03-19-2013  2013 Access DC – Los Angeles on the Hill

2013 Access DC – Los Angeles on the Hill

[Gaia's Ryan McEvoy and Annie Argento participated at this year's Access DC delegation with fellow members of the LA Business Council's committee on Energy and the Environment. Access DC is an annual opportunity for Los Angeles public policy initiatives to be taken to the Hill to gain national support and to exchange new ideas with colleagues.]

Earlier this month, Ryan and I joined a delegation of 150 business leaders and public officials for Access DC, the LA Area Chamber of Commerce’s annual trip to advocate for greater federal investment in LA. This year the delegates were divided into teams focused on immigration reform, regional transportation, healthcare, housing and homelessness, water, and energy and environmental sustainability. We of course were part of the latter!
It was a packed 3-days in DC where we were also fortunate to squeeze in meetings with our friends and colleagues at USGBC to learn more about LEED v.4 and their local and national advocacy campaigns. We were happy to learn of the good work USGBC is doing to advocate for a reform of section 179d as our experience has been that this federal tax deduction is cumbersome and not as straightforward as it should be. Because of this, many of Gaia’s commercial building owners have not benefited from the deduction and therefore have not been incentivized to make greater investments in energy efficiency.
Armed with this information, we found ourselves discussing 179d in many meetings including one with US Senator Ron Wyden (D-OR) chairman of the US Senate Committee on Energy & Natural Resources and another with Phil Barnett, Staff Director, House Energy & Commerce Committee, but the official policy calls for our group were the following:
Renewable Energy

  • Extension of existing energy tax incentives over a ten-year period and the production tax credit for an additional year
  • Extend the Solar Tax Credit beyond 2016 to allow homeowners to claim a credit for 30% of installation costs for solar systems in their homes
  • Update to Federal Energy Regulatory Commissions’ Rule 207 to allow fast track interconnection of solar generation projects 20 megawatts or less without the imposition of costly and lengthy studies.

Energy Efficiency & Green Building

  • PACE Financing for energy-efficiency installation
  • Investor Confidence Project (ICP) to standardize the process used to evaluate energy efficiency projects


Energy efficiency improvements, especially to existing buildings and homes, is critical to reducing reliance on fossil fuels, reducing carbon emissions, and creating green jobs. It’s also key in meeting renewable portfolio standards – it’s simple: use less and you don’t have to generate as much!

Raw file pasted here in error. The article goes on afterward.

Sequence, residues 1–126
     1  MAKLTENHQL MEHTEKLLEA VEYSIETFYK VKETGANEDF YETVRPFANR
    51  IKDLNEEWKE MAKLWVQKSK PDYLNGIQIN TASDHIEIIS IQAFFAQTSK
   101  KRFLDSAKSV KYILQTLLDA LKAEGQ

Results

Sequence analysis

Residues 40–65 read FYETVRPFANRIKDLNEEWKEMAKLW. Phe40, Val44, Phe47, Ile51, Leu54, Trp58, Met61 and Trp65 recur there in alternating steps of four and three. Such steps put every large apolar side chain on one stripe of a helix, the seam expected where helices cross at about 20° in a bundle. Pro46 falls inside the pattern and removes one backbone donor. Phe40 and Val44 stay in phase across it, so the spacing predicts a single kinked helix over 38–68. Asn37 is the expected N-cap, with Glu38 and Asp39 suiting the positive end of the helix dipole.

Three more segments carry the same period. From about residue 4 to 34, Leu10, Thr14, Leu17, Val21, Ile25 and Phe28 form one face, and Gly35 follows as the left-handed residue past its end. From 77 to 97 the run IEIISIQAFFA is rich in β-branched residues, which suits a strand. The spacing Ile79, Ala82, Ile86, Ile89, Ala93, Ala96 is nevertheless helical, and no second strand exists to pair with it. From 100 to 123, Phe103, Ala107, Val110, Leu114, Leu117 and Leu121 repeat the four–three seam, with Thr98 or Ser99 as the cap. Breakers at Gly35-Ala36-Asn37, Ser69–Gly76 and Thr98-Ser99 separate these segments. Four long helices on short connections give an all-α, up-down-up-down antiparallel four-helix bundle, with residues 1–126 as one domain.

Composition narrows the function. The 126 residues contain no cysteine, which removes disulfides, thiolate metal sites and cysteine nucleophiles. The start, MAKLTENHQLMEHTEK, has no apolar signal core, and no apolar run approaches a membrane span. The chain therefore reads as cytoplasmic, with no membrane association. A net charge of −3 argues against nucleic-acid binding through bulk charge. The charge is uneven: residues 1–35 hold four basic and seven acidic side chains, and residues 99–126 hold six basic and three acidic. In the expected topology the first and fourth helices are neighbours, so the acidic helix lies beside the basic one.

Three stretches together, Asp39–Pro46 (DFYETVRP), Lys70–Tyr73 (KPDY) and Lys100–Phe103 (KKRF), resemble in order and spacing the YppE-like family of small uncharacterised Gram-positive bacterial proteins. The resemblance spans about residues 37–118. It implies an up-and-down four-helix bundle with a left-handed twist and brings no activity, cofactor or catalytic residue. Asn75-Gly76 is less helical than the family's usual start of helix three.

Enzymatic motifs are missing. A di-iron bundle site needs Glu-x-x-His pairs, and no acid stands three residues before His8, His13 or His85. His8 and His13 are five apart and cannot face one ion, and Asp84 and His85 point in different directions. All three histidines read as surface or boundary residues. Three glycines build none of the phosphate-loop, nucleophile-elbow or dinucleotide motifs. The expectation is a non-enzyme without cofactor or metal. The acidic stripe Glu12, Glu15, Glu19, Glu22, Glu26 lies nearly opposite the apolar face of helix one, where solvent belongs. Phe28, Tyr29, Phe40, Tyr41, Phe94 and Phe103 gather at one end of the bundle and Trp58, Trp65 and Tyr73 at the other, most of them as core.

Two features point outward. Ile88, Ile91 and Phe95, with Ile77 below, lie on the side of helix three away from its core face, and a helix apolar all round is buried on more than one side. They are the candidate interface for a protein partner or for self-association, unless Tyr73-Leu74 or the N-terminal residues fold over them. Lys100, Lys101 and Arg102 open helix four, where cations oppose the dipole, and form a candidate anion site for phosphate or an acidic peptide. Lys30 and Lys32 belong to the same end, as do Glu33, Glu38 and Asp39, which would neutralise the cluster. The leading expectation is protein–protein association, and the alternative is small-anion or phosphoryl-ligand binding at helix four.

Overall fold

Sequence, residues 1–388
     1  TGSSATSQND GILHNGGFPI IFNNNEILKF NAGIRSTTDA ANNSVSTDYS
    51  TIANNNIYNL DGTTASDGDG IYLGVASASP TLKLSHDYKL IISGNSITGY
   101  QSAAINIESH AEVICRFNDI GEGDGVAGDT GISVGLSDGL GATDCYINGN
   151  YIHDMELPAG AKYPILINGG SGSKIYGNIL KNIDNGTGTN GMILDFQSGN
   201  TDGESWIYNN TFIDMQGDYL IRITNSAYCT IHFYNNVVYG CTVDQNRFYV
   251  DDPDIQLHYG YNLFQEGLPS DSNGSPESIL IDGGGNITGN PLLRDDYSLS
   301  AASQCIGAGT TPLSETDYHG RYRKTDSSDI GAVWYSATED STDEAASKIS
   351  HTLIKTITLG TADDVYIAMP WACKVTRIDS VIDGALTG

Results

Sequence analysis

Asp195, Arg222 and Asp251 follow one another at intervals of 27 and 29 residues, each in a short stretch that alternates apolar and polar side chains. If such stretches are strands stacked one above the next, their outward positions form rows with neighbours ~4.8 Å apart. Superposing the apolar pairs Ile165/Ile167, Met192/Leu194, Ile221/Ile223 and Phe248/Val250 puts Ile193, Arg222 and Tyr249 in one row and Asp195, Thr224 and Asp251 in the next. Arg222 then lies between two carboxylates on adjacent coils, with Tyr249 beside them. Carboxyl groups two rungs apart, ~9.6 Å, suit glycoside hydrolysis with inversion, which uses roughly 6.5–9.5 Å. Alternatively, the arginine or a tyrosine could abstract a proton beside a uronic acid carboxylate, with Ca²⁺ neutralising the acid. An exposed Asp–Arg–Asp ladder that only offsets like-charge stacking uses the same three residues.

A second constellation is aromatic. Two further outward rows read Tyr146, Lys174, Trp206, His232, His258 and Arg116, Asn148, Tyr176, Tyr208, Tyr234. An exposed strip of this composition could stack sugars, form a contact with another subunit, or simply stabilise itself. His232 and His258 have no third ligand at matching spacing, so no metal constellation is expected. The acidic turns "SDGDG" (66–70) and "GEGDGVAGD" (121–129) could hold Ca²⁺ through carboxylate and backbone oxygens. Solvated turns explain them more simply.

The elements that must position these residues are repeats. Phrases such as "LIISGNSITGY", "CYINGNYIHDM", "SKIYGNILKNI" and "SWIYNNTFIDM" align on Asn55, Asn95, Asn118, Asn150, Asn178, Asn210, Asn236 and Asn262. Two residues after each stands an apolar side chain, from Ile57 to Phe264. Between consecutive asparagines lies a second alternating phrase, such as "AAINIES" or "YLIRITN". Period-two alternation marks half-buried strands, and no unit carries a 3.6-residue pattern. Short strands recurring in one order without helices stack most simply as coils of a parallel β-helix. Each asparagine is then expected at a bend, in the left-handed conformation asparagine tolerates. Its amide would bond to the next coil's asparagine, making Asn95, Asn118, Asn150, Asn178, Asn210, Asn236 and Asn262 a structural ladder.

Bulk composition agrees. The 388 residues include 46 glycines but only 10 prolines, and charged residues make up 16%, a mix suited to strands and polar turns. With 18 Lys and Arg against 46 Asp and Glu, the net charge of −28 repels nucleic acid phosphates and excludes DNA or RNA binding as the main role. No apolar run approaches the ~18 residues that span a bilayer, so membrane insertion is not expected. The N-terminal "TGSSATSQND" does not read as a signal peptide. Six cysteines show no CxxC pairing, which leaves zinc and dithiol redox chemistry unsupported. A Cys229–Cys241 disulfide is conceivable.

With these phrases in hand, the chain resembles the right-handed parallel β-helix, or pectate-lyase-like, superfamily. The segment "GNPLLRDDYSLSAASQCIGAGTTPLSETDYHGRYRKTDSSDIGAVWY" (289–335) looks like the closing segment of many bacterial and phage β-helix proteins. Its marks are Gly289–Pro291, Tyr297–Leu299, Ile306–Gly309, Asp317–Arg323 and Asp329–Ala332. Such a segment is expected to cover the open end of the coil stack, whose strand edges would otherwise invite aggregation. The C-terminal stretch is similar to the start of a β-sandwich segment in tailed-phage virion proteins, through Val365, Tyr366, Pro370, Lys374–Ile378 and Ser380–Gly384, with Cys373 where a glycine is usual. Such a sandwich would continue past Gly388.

We know policy changes don’t happen overnight, and certainly not in today’s political climate and economy, but nonetheless we were thrilled to be part of this delegation – not only to advocate for Southern California, but it was an opportunity to showcase the Golden State’s environmental leadership and Los Angeles’ Feed-in-Tariff (FiT).
Below are some other random highlights, fun (or not so fun) facts, and lessons learned from the trip:

  • Don’t you dare say, “Climate Change” or “Global Warming.”  Rather use terms like “energy efficiency” and “low carbon economy” to avoid a door being shut in your face!
  • There are long security lines at the senate office buildings due to sequestration, but the real impacts that will be felt in California include $87.6 million cut in funding for primary and secondary education; 15,810 fewer children will receive vaccines for diseases such as measles, whooping cough, influenza and Hepatitis B; and approximately 2000 disadvantaged and vulnerable children could lose access to the childcare needed to keep their parents employed. Not sustainable.
  • It’s no surprise that LA needs more open space, and the LA River Revitalization Corporation is working hard to create this! There were a handful of Angelenos out in DC advocating for prioritization and completion of the US Army Corps of Engineers LA River Ecosystem Restoration Study and for appropriation of funds for a demonstration project. We’re looking forward to following and supporting the good work they are doing to revitalize the city’s most underutilized public resource. Check out their first Kickstarter campaign, help them reach their goal and we’ll see you at the movies:

By Annie Argento, Associate Principal